The period involved a mass movement of brainwashed youth known as Red Guards, reminiscent to Liu of the 1930s Hitler Youth; Wednesday, many are still burdened with guilt about their roles, "so they don't talk about it and hide it from their children."

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Female Purity Soup by Liu Sola.

Liu said novels and films that disinter the period are avoided by such people, not because they were victims but because they were perpetrators. "Now they regret it but don't know how to face it," she added.

Like Maron, Liu initially lived a privileged childhood as the daughter of socialist officials. Born in 1955 to Liu Jinghan and Li Jiantong, both influential members of the Communist Party of China (CPC), the family endured a catastrophic reversal of fortune in 1962 after her mother wrote a biography of Liu Zhidan, an uncle who was a high-ranking Red Army general until he died a Communist martyr in 1936.

Yet the book was perceived as "anti-CPC" and the family driven into exile. Everyone involved in its publication, from the editors up to Deputy Prime Minister Xi Zhongxun, father of current Vice-President Xi Jinping, either fell out of favor, was imprisoned or generally persecuted over the decade-long Red Guard period.

Leaving East Germany was to change Maron's writing subjects: from the grim, repressed world of East Germany to more light-hearted love stories.

Despite this, she said the ingrained ideological restraint that comes from growing up in a censorious environment "is not like clothes that you take off.
It's more like it has grown into your skin."

For Liu it was a similar, if somewhat different, story. Unlike her debut novel, written with a youthful ease and recklessness, Liu has been thinking and worrying more as she matures.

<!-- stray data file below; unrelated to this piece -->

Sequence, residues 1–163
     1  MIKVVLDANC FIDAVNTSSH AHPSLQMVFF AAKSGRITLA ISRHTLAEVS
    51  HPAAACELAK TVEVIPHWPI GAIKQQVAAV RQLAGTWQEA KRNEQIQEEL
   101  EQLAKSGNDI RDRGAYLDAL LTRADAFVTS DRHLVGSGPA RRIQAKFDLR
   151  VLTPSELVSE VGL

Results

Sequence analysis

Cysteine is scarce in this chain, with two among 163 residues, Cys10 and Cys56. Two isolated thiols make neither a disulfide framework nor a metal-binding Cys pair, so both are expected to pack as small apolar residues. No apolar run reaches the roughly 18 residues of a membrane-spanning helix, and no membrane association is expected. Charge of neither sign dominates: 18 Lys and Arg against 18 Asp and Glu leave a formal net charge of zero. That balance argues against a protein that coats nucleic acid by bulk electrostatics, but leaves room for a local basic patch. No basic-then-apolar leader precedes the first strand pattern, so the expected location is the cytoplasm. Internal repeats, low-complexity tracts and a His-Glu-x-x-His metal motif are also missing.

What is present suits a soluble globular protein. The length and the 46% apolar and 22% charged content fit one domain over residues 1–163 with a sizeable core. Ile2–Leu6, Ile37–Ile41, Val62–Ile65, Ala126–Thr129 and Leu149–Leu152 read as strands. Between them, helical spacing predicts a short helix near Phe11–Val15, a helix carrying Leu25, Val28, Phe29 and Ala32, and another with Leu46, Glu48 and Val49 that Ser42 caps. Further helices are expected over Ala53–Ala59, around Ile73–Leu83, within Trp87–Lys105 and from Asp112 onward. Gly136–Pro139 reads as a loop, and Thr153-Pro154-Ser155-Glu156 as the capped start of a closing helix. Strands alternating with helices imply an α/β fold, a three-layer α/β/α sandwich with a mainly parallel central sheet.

Yet like Maron, even as she moved to London then New York in 1993, Liu retained the natural habit of self-censorship.

Her political-mythological novel Small Tales of the Great Ji Family, written in 2000 partly to echo her mother's own cataclysmic book, involved "a process of self-censorship", she said. To bypass prohibition, it was first printed in China in the form of a comic strip.

Renamed Female Purity Soup, it was published in the mainland in 2003. She "thanked" those reporters didn't probe her too much regarding her own experiences. "This is called self-censorship," she explained.

Her first novel You Have No Choice (1985) gained critical acclaim as "the first truly Modernist literary work in China", and was also a cult hit, widely read by young readers at the time.

Returning to China in 2002, Liu devoted herself to exploring folk music and combining it with blues, publishing more works despite an ever-stricter writing and publishing environment. She now seems resigned to these bitter facts.

"I was born in Beijing and grew up here. I'm used to the self-censorship. I will keep my mouth shut if it's necessary," Liu said. "I can do a lot and enjoy it more, such as folk music. I can't find that anywhere else."